The Ibisbill is mostly seen in shallow and wide river beds and streams that are devoid of any woody vegetation. The bird is found at an altitude ranging between 180–4,000m. They exhibit altitudinal migration, breeding in the higher reaches of the mountains and descending to lower elevations during winters. They are largely aquatic in foraging, probing for larvae and snails, and pecking at fish in the river. Fish, crustaceans and larvae of various flies comprise a large portion of their diet. They are known for their raking behaviour—moving their bill sideways through small pebbles to disturb insects and other invertebrates, and pecking on them as they surface. They move their head repeatedly up and down while foraging, and when disturbance or a threat is sensed.

A study in Southwest China[1] reported that they spent nearly 50% of their time foraging, and over 30% resting.

Ibisbill, Kosi River © Bearded Birder
Ibisbill
Breeding pair of Ibisbill in Uttarakhand

Ibisbills are mostly solitary while foraging, rarely being seen in pairs or small groups. They are monogamous (i.e. they mate for life) and territorial. They breed between March and May, the nest formed by making a depression in the sandy patch of the river bed or bank. The female lays 3–4 eggs and both parents take part in incubating the eggs. They defend their territories through aerial displays. The chicks start flying about 40–50 days after hatching, and young remain with the adults until the start of the winter.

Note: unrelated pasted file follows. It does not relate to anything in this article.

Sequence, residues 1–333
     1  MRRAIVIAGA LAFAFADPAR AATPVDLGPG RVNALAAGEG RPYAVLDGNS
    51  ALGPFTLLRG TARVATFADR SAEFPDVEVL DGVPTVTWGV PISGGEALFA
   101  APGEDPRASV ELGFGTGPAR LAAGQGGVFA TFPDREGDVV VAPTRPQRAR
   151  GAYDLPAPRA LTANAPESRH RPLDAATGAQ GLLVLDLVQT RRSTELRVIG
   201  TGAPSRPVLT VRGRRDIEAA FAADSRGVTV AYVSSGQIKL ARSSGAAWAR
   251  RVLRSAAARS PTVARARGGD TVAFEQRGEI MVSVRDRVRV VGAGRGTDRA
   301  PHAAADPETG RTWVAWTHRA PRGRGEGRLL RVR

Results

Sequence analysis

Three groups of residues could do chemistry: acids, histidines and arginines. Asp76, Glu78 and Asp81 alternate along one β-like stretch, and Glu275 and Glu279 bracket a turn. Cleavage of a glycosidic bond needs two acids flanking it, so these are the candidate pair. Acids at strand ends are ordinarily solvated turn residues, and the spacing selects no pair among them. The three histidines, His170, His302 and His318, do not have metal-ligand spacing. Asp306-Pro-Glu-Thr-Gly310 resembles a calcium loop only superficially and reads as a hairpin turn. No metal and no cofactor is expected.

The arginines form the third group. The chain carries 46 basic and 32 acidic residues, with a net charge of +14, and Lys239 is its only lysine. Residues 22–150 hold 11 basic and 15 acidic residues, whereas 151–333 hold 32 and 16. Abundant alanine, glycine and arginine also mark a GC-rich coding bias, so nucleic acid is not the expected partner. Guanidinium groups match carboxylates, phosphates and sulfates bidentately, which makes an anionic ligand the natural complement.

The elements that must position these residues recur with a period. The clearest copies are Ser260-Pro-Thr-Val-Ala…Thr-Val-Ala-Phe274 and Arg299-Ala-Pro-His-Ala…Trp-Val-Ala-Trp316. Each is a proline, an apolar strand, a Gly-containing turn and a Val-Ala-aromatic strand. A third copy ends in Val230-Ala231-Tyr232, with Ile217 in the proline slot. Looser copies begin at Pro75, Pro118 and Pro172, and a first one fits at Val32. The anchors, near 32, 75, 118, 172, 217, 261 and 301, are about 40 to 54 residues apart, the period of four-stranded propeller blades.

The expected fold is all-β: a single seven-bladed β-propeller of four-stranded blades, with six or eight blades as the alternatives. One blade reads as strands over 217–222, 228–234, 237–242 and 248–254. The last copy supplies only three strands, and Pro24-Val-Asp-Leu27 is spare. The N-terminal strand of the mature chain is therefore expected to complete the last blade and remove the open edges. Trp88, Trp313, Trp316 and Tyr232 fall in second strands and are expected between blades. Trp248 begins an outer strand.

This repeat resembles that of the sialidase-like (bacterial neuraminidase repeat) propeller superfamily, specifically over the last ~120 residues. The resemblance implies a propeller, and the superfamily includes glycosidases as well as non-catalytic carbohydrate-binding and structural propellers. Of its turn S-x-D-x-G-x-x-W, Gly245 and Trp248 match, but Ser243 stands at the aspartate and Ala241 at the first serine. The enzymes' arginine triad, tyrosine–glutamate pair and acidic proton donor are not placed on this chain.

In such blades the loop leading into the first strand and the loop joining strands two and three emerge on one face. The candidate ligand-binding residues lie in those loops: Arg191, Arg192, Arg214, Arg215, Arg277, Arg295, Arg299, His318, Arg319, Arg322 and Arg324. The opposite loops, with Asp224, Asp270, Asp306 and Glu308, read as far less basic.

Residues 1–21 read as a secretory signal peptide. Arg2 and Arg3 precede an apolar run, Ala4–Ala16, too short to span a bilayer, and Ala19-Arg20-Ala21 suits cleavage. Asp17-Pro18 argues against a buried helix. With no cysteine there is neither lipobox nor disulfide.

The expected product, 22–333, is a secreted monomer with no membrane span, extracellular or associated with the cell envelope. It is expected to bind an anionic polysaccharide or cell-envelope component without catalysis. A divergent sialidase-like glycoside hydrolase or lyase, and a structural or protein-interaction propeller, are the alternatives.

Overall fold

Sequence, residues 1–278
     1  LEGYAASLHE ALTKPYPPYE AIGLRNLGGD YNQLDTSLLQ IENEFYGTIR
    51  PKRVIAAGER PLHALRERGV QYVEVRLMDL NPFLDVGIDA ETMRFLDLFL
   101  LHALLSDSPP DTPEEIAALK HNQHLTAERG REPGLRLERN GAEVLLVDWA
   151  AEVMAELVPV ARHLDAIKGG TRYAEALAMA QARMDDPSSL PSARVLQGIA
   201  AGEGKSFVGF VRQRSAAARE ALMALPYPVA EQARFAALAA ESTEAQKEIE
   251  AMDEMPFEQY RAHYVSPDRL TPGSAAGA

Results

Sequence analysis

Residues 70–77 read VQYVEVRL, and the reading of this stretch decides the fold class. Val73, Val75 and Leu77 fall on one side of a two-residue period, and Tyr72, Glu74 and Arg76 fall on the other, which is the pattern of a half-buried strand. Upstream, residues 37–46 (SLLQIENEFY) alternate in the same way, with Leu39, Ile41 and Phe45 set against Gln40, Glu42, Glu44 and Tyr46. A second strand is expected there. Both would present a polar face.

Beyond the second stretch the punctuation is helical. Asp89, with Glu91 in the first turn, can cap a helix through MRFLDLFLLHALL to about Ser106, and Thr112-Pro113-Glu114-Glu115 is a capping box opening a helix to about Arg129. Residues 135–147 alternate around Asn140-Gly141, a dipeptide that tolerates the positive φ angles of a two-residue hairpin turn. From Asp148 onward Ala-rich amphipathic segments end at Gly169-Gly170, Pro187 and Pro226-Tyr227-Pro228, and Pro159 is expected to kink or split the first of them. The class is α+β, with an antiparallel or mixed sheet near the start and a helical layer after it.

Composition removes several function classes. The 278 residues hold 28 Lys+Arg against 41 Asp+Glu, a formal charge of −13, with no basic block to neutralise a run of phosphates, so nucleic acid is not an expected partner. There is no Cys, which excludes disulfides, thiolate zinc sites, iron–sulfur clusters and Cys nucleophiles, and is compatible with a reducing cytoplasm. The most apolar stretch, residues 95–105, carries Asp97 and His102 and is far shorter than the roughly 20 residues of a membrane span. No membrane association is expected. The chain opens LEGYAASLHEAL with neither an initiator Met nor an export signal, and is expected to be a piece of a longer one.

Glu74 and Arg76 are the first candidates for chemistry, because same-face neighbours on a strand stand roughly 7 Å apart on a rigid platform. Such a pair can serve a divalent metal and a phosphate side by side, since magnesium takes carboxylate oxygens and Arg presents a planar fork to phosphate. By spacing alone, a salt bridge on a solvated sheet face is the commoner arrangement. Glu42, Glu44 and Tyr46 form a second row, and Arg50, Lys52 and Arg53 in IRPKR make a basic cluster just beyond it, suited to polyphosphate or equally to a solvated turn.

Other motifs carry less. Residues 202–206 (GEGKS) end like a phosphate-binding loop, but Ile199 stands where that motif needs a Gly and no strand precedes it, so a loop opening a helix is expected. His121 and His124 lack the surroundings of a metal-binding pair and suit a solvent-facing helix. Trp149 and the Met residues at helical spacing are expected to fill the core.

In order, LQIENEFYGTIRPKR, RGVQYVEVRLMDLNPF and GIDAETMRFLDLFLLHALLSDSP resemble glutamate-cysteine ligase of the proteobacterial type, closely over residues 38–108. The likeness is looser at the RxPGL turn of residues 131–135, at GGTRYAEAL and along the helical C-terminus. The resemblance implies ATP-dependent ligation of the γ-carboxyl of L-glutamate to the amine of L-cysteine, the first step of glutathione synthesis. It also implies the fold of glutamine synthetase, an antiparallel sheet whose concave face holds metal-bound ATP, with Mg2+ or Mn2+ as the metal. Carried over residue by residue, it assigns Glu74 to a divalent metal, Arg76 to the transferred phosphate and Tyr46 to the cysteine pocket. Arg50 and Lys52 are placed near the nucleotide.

Ibisbills prefer areas with sparse human presence and are very sensitive to disturbance. Their geographic distribution is restricted to limited sites where human footprint is low. The bird is threatened locally as its habitat requirements (river banks, shallow river beds, sandy shingle for nesting) overlap with human activities such as sand-mining, water sports, and tourism. At times, they are found foraging in polluted rivers.

Due to the overall large distribution range, the species is officially listed as Least Concern in the IUCN Red List, but safeguarding local populations remains a challenge throughout the majority of its range.

Ibisbill